When you first start the home-buying process, you might be overwhelmed by the amount of information available. You can read all about the different types of mortgages, but how do you know which one is right for you? Let’s simplify it and make it easy for you.
To choose what type of mortgage is right for you, you need to consider a few factors, including your credit score, your downpayment, and your debt-to-income ratio. You should know where you stand with all three of these before looking into mortgages.
If you have a stable income, a credit score of 650 or higher, a debt-to-income ratio of 45 to 50 percent, and can afford to put a decent amount of money down on your new home, your best bet is a conventional loan.
Conventional loans generally have lower borrowing costs. If your downpayment is at least 20%, you also won’t be required to have private mortgage insurance (PMI).
If your credit is a little lower, or you can’t afford to put as much money down, you should consider an FHA loan. FHA loans are guaranteed by the federal government. You can have a downpayment as low as 3.5% with an FHA loan. These loans are especially popular with first-time homebuyers, although they are available to all homebuyers. You will have to pay PMI and will likely have higher borrowing costs.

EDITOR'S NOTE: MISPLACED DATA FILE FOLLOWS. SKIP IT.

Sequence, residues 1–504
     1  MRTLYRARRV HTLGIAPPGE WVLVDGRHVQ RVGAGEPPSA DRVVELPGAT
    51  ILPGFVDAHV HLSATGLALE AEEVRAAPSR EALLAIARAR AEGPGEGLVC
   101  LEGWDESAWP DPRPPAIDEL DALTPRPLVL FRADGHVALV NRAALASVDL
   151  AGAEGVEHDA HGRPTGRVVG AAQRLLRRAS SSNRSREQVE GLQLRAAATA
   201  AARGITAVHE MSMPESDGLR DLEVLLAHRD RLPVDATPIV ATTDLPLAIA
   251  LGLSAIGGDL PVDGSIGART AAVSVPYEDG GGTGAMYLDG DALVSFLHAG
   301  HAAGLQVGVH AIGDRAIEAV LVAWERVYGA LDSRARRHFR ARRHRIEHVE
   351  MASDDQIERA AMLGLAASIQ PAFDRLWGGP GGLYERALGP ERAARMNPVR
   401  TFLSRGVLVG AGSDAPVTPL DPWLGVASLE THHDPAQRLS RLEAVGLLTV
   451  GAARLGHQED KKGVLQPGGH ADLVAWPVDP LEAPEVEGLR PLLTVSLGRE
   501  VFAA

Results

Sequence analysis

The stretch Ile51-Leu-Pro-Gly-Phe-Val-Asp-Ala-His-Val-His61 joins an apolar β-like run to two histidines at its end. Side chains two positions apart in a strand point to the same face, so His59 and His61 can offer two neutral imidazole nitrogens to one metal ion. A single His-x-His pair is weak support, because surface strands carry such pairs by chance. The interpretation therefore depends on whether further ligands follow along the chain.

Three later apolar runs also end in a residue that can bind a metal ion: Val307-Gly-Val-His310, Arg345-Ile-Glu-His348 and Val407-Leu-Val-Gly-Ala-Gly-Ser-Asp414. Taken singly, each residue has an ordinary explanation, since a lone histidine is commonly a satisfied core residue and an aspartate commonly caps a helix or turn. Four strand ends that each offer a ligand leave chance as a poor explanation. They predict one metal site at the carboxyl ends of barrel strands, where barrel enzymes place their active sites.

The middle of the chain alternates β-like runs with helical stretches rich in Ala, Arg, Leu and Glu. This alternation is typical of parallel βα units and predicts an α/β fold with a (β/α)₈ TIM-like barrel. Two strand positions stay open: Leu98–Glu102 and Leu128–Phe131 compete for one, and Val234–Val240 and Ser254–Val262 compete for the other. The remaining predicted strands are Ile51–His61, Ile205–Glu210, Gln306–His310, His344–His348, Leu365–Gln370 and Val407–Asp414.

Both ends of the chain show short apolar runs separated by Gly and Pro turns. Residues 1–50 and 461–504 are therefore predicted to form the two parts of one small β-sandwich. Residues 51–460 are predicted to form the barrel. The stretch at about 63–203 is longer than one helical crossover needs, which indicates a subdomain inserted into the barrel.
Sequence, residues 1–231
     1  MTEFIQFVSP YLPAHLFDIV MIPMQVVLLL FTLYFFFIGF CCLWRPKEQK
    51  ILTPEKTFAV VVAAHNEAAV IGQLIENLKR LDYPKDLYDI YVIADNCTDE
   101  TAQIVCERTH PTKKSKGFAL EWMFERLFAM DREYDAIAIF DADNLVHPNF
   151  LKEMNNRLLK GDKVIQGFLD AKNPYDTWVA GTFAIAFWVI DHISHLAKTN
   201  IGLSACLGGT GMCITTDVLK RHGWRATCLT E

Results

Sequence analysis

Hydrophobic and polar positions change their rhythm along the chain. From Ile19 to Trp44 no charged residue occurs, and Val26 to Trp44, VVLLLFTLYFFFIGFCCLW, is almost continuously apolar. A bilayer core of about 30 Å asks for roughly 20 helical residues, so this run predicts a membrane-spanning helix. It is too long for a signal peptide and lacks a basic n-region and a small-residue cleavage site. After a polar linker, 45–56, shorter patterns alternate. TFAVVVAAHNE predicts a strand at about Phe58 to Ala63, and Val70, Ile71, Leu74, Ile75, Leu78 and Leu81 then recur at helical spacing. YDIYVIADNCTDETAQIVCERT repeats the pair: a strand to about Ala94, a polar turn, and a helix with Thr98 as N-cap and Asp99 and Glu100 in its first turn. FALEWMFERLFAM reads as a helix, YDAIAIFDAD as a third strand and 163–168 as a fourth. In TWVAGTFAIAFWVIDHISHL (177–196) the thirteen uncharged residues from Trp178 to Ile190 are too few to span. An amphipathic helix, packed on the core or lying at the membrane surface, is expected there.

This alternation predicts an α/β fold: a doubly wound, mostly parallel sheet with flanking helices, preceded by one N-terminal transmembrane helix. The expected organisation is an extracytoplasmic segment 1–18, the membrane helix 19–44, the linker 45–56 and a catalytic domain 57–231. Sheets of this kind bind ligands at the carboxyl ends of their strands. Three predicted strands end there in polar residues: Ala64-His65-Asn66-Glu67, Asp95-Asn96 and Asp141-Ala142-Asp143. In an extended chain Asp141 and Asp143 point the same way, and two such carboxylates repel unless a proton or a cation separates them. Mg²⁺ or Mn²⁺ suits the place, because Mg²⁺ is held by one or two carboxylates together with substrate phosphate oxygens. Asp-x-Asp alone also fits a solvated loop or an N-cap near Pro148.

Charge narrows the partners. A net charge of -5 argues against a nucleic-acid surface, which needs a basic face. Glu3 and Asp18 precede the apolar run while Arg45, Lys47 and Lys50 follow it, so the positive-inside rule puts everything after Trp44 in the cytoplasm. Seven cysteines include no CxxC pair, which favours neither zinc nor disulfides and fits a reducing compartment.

If you are a veteran, you may be eligible to get a VA loan through the U.S. Department of Veterans Affairs. These loans allow you to buy a home with no money down. VA loans are provided by private mortgage lenders but are backed by the federal government, just like FHA loans, which is they have less required qualifications.
What Kind of Mortgage is Right for You?Fixed-Rate vs. Adjustable Rate
The other thing to consider when buying your home is whether you would like a fixed-rate or an adjustable-rate. Fixed-rates have interest rates that are the same from day one, while adjustable rates will go up and down. If you plan to stay in your home for seven years or more, you’re usually better off opting for a fixed-rate. If you plan to move in a few years, you can consider an adjustable rate.